— Doubles, a private club in the Sherry-Netherland hotel, is now swarming with uptown society tweens. The general manager of the club tells the Times: "Before, it was family-oriented for young children and parents, but it wasn’t driven as it is now by the tween set." Private clubs likes this are still popular among the city's elite, although they're not as exclusive as they once were. An anonymous banker who belongs to the Yale Club and the Links Club remarks: "They’re not nearly as restrictive as they were in 1960. You need a sponsor and letters because all of these clubs need to survive. They may have the characteristic in people’s minds of old, WASP elite clubs, but it’s far less true than it once was."
— Angela Dimayuga and the Mission Chinese Food crew put together a lavish pop-up feast for the cast of Hamilton after a recent Sunday matinee. The photo spread is one of the highlights of New York magazine's new food issues, which also includes a guide to "50 essentials for the modern gourmet" courtesy of The Robs.
— Ed Brown has no involvement in Ed's Chowder House any more. The restaurant quietly morphed into Moore Food & Drink in September and then owner Jeffrey Chodorow changed it back into Ed's last week. Brown tells the Post: "I loved that restaurant. I have no idea what he’s doing now, but it is without me." El Chod says that Brown turned down an offer to return.
— Teen chef Flynn McGarry plans to open a permanent location of his pop-up Eureka in New York City. The 16-year-old tells Time: "After Eureka, we’re gonna start the process of opening a real restaurant. It takes a decent amount of time, but that’s within the next few months to a year, we’re gonna start looking at spaces and getting investors locked down and all that kind of fun stuff."
— The Hill Country Barbecue team is doing a residency at Threes Brewing in Gowanus from now through November 22. The menu includes a chopped beef sandwich, a brisket platter, chili, stuffed poblano peppers, and grits with mushrooms.
— The Post rounds up stories from chefs — including Marc Forgione, John DeLucie, and Laurent Tourondel — about fans that had the hots for them. New York Sushi Ko's John Daley claims that a woman seduced him just 20 minutes after dining at his restaurant with her boyfriend: "She was quite physically aggressive....We drank and had sex in the back of the restaurant!…She’s been back a few times, but the boyfriend wrote a nasty review on Yelp."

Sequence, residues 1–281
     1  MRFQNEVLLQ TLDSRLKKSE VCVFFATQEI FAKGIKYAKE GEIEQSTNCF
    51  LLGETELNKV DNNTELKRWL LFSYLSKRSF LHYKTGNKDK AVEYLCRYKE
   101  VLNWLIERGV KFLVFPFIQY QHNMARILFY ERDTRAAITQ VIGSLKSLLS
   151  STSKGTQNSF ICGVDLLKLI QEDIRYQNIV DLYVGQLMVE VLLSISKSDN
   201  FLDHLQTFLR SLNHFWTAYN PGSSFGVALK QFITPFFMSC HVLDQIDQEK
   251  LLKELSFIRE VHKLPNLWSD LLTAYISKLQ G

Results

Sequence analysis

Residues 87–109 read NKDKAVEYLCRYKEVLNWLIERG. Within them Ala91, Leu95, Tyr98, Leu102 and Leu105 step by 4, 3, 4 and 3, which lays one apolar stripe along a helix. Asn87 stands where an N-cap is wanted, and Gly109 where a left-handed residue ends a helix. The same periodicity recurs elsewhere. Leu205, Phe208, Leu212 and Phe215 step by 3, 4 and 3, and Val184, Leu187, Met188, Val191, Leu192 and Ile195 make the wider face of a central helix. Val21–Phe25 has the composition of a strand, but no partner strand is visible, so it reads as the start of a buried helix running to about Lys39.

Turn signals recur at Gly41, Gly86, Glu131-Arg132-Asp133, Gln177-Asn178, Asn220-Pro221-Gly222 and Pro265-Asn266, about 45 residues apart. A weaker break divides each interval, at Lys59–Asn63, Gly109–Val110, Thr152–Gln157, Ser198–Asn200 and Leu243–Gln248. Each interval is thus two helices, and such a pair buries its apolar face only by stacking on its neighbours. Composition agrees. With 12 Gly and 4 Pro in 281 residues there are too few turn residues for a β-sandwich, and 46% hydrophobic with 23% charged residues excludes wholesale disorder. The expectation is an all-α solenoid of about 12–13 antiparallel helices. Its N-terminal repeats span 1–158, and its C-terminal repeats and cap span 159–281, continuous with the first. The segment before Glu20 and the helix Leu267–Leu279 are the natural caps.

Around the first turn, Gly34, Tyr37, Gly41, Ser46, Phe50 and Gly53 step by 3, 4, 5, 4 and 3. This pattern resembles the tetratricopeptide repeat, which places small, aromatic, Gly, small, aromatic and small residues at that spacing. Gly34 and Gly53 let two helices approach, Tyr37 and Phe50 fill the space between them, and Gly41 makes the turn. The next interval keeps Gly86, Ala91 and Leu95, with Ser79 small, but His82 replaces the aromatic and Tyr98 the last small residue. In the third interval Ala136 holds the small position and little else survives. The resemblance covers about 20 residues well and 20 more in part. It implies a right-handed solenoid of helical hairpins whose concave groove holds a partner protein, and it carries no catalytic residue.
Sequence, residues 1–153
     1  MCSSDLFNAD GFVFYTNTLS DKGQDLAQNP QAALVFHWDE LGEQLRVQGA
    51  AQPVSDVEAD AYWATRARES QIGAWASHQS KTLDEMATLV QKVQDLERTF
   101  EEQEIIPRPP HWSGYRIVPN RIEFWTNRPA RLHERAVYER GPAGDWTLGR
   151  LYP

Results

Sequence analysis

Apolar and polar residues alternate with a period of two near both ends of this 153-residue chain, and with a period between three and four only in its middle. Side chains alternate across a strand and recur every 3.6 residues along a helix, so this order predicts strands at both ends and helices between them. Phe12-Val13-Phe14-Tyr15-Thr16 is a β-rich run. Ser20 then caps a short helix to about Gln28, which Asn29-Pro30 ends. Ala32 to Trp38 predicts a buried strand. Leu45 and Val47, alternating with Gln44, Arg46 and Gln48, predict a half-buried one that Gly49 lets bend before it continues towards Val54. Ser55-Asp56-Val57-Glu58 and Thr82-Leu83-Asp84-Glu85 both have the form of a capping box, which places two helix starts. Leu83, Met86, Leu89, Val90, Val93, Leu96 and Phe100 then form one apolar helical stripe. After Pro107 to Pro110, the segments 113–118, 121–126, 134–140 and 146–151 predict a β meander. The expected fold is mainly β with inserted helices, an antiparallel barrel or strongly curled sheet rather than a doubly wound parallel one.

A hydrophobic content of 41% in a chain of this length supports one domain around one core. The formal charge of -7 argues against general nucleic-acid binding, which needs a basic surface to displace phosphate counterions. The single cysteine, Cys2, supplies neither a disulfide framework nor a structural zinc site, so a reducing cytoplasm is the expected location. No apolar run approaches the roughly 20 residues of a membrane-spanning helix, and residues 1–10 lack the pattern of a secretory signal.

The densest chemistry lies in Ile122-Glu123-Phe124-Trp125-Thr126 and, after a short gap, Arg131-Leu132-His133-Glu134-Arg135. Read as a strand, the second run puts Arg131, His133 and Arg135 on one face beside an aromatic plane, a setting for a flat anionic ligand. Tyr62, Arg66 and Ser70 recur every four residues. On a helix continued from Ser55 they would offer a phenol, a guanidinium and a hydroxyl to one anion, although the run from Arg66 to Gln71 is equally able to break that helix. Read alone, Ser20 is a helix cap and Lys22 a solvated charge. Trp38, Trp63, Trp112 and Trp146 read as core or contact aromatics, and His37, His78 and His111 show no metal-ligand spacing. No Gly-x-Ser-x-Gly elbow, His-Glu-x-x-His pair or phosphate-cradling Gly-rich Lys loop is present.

— Aziz Ansari's new Netflix show Master of None features cameos from a slew of awesome New York City bars and restaurants, including El Rey Coffee Bar & Luncheonette, Tacos Morelos, Bamonte's, Marlow & Sons, Alameda, Achilles Heel, Parm (take-out), and Hotel Delmano.
— The LES location of Tiny Empire juice bar is temporarily closed due to a zoning issue related to its bathroom.
— Beloved Alphabet City snack shop Ray's Candy Store now serves popcorn shrimp.
— The Flatbush Avenue location of Shake Shack is currently closed because of problems with the building.
— A block of low-rise buildings on the West Side Highway between Leroy and Clarkson streets is getting demolished soon to make way for a new Ian Schrager hotel. That block currently contains the remnants of the Lunchbox Diner, which shuttered in 2006, and the Westway, a gay club that closed earlier this year.
— A new establishment called Wu’s Cantonese Restaurant is heading into the East Broadway space that previously housed Wing Shoon Seafood Restaurant. Bowery Boogie notes that over three decades ago, this was Garden Cafeteria, a restaurant that was beloved by Isaac Bashevis Singer and his cohorts.
— Astoria Middle Eastern favorite Duzan is open again after four months of renovations. The restaurant now has a big kitchen and dining room. The owner hopes that this new set-up will allow guests to get their food faster when it's busy.
— And finally, Mimi Cheng's is serving Thanksgiving dumplings once again. Here's a look at how they're made: